Juneau, Alaska (KINY) All Alaska police agencies, including Juneau, are having trouble retaining and recruiting new officers.
Juneau has 11 vacant police officer positions. That has led to cuts in each daily shifts of one officer. They have tried to increase hiring events and training opportunities. They also discussed whether to let officers take home their vehicles to increase visibility.
Fairbanks for example has offered $20,000 cash incentives to hire officers. Juneau currently is ranked sixth among the average salaries of police officers in Alaska.
The Mayor appointed a Public Safety Task Force to recommend ways the CBJ could battle the crime problem. They have been holding twice per month meetings to discuss various issues.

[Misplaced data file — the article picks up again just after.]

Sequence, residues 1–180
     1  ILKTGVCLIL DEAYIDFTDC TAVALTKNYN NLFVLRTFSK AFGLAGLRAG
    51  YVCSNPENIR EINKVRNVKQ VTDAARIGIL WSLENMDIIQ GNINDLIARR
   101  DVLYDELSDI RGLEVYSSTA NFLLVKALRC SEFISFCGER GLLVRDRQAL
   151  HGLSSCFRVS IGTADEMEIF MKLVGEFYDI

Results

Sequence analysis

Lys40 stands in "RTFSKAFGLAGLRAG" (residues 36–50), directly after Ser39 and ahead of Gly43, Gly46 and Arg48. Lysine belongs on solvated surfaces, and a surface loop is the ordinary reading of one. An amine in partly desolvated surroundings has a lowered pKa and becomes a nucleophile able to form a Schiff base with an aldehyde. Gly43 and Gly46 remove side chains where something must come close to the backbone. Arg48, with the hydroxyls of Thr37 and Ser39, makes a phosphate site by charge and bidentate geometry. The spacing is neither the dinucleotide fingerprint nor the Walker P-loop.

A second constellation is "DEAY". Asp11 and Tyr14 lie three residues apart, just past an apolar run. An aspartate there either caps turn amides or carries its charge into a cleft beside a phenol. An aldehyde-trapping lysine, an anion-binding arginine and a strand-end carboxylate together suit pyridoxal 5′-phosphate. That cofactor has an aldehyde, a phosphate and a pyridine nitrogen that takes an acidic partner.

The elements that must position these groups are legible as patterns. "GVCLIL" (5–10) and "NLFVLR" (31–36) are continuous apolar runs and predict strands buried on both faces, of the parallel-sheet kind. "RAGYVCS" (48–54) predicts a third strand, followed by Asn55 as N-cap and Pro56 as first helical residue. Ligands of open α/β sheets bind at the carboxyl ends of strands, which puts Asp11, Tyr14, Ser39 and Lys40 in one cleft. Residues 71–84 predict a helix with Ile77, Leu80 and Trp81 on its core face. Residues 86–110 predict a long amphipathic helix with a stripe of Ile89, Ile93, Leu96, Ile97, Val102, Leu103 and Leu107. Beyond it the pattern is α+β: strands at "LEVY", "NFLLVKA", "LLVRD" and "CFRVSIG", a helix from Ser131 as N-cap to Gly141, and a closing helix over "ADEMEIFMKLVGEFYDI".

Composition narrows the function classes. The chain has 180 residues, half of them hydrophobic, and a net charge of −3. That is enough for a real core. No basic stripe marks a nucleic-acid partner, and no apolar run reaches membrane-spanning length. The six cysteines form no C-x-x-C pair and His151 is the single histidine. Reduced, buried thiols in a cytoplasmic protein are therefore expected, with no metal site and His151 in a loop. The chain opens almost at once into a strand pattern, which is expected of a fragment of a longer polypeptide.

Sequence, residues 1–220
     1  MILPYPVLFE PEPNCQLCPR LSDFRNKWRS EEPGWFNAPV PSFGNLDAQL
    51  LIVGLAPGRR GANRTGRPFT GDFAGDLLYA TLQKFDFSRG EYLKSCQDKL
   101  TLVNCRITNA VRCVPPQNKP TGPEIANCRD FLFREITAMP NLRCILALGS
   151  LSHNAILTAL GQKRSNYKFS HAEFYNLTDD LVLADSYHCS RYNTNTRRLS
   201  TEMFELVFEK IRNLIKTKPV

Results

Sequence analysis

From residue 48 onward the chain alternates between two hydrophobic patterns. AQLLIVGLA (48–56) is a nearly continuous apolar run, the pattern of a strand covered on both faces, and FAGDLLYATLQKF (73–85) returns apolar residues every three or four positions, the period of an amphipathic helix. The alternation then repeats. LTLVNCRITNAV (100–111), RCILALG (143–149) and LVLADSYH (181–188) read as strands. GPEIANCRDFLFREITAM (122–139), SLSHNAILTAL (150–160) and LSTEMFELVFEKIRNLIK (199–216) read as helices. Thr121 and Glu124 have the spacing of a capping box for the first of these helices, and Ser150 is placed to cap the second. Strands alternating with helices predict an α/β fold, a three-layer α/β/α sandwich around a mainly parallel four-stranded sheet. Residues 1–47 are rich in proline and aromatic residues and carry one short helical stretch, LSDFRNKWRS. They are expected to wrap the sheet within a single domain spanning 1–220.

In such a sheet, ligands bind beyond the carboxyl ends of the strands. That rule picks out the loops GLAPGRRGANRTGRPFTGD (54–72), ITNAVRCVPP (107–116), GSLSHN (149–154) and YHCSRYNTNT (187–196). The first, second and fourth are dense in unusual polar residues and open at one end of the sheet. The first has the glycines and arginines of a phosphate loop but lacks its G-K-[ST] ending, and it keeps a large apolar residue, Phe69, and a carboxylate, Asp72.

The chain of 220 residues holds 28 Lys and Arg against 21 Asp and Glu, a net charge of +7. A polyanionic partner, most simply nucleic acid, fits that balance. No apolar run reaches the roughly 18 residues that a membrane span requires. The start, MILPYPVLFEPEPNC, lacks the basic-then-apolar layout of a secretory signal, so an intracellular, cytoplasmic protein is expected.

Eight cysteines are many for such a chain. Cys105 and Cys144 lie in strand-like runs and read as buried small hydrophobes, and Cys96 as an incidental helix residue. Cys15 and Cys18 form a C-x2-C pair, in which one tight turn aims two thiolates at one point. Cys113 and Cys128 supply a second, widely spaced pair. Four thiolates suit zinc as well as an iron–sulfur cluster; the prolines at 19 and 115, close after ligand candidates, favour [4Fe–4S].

One program discussed to curb crime is video surveillance cameras in high crime areas. It would be a passive system, that is, no one would be assigned to monitor the cameras 24 hours per day. Instead if video were needed of an incident, it could be pulled off the computer.
Juneau District attorney Angie Kemp predicts the cameras would help, "So many of the burglaries we are referred are of homeowners that have video surveillance. It has been tremendously helpful. Burglaries are very difficult to prosecute. The video surveillance has had a big affect on that."
She said it if works for burglaries maybe it impacts other crimes
The district attorneys budget has fallen by 12 percent since 2014 and they have lot prosecutors and staff in Juneau and Sitka.